Cohn Slams Former White House Colleagues: "I Don't Want To Live In Chaos"

Former White House chief economic advisor Gary Cohn, who quit in a huff over Trump's tariffs on steel and aluminum, has lashed out at some of his former colleagues in a Wednesday interview with Freakonomics Radio.

Cohn slammed National Trade Council director Peter Navarro and Commerce Secretary Wilbur Ross for leading the country into an unnecessary trade war. 

"Tariffs don't work. If anything, they hurt the economy because if you're a typical American worker, you have a finite amount of income to spend," the former Goldman Sachs #2 executive told host Stephen J. Dubner. "If you have to spend more on the necessity products that you need to live, you have less to spend on the services that you want to buy."

When interviewer Stephen J. Dubner suggests that all other economists except for one — Navarro — would agree on that point, Cohn said, "There's only one in the world. That we know of." -CNBC



Cohn revealed that a tipping point for him leaving the White House was a secret meeting set up by Navarro and Ross with the heads of the steel and aluminum industry to let them know the Trump administration was about to levy tariffs on imports of the metals. 

"What happened in the White House is we got to a point, unfortunately, where one or two people decided that they were going to no longer be part of a process and a debate," added Cohn. 

When asked if Ross and Navarro arranged the meeting, Cohn said, "Yes. Those are the two people. When the process breaks down, then you're, sort of, in my mind, living in chaos. I don't want to live in a chaotic organization."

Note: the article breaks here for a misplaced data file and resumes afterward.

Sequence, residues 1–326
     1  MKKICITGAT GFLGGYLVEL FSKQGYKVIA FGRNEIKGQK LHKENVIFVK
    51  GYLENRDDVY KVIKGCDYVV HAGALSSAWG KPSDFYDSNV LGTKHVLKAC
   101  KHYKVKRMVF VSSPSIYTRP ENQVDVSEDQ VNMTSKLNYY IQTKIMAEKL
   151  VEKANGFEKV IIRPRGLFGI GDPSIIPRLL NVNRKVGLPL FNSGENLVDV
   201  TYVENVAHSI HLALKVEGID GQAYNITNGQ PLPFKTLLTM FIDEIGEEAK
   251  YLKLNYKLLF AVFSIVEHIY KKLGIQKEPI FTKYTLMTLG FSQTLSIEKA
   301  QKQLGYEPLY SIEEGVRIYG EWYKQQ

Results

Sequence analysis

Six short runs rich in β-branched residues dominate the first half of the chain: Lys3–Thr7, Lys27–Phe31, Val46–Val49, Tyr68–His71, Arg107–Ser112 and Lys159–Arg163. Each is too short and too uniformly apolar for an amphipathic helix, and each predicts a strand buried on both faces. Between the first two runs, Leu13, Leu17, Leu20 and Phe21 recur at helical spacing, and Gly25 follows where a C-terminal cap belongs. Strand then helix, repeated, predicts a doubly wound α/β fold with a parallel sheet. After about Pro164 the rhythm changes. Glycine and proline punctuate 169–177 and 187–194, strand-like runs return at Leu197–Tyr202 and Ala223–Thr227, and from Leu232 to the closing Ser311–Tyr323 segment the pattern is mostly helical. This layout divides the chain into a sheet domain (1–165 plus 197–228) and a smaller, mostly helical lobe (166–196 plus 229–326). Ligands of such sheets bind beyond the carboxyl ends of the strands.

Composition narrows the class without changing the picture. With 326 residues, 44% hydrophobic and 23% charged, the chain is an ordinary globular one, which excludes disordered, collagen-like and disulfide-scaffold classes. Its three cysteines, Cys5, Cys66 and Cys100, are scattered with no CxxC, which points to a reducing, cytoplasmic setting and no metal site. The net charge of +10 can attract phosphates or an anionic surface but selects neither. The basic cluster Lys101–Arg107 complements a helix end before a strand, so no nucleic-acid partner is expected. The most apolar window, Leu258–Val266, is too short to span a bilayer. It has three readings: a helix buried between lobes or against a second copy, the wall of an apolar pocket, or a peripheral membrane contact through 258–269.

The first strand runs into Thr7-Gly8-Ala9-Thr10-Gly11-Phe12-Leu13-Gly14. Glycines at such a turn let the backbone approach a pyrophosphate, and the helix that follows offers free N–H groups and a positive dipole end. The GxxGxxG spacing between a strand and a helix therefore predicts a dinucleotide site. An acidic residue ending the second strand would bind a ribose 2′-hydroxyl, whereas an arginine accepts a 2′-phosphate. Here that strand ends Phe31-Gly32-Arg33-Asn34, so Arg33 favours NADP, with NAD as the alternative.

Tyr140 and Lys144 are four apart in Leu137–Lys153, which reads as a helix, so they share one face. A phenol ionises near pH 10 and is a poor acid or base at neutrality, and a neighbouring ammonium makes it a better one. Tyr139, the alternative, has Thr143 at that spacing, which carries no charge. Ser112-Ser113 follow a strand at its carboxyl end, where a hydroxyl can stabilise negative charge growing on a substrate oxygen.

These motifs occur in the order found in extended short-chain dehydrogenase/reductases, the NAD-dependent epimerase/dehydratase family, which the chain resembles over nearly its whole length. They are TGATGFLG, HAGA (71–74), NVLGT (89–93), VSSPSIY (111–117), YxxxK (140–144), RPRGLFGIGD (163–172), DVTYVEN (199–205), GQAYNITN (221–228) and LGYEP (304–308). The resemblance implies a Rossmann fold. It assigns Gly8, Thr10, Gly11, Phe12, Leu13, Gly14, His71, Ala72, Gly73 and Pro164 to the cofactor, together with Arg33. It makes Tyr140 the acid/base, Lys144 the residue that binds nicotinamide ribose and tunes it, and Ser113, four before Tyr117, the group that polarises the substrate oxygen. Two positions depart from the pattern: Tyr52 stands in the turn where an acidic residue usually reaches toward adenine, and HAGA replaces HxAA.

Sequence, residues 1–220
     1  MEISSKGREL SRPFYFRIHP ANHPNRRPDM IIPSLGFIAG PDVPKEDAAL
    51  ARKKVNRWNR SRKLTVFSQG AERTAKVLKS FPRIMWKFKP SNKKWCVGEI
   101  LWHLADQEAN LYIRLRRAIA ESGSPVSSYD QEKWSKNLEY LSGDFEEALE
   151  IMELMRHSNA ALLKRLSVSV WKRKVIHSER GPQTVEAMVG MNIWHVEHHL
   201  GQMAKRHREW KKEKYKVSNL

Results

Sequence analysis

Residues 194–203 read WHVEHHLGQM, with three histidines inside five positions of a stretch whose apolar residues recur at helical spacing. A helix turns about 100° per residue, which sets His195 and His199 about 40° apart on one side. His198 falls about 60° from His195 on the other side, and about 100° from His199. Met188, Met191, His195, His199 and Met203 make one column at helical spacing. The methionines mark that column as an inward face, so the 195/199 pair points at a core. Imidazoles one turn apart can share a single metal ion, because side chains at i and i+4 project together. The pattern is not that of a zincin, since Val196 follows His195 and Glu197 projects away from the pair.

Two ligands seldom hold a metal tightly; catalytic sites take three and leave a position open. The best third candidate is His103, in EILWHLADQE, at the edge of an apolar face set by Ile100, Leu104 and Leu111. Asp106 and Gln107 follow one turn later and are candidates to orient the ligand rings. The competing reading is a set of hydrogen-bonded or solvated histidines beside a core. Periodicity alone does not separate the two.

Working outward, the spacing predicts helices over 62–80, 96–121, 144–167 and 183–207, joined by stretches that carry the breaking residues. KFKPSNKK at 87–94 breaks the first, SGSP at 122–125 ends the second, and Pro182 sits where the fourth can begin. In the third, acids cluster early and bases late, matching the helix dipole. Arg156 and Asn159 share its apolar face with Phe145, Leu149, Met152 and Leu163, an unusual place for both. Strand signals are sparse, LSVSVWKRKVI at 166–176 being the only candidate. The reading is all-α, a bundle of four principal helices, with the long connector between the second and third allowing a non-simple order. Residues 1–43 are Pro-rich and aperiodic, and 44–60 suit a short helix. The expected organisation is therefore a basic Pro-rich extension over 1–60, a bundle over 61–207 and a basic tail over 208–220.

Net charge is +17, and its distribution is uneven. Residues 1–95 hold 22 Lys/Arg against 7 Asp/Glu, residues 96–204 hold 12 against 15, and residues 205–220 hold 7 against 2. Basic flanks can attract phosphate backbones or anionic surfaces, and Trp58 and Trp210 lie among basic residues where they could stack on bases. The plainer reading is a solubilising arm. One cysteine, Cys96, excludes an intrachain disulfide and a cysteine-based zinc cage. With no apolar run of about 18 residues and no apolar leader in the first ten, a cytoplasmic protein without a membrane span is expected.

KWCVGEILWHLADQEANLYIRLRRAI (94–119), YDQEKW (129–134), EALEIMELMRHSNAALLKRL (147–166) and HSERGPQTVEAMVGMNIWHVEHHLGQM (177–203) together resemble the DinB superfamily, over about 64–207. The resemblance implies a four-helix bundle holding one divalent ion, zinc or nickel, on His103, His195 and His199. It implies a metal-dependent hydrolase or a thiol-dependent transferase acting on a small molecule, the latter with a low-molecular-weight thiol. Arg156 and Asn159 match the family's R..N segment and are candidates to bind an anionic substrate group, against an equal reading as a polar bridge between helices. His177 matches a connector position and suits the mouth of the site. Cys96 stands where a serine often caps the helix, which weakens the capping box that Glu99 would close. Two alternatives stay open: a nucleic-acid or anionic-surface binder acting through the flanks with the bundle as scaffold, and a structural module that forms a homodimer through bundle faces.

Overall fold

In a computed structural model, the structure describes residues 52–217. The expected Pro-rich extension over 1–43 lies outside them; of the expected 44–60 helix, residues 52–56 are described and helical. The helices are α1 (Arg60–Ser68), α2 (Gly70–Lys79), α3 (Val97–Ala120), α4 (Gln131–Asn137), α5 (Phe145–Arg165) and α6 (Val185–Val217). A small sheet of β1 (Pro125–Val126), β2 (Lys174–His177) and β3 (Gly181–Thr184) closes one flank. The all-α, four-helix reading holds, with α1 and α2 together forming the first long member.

Cohn fought a losing battle against the tariffs - but said that Trump is also losing - pointing to the record trade deficits in 2018 with China and the rest of the world. 

The U.S. shortfall with China was $419.2 billion for the year, an increase of 11.6 percent. Globally, the deficit was $621 billion, up 12.5 percent year over year. -CNBC

"Did it hurt the Chinese at all? We had record trade deficits," said Cohn. "The president needs a win. The only big open issue right now that he could claim as a big win that he'd hope would have a big impact on the stock market would be a Chinese resolution. Getting the trade deficit down I will never say is easy, but of the issues on the table, that's relatively easier." 

Cohn did have a kind word or two for Trump - giving him credit for several achievements including a "pretty robust economy," and stock market gains that have held up reasonably well despite a volatile 2018.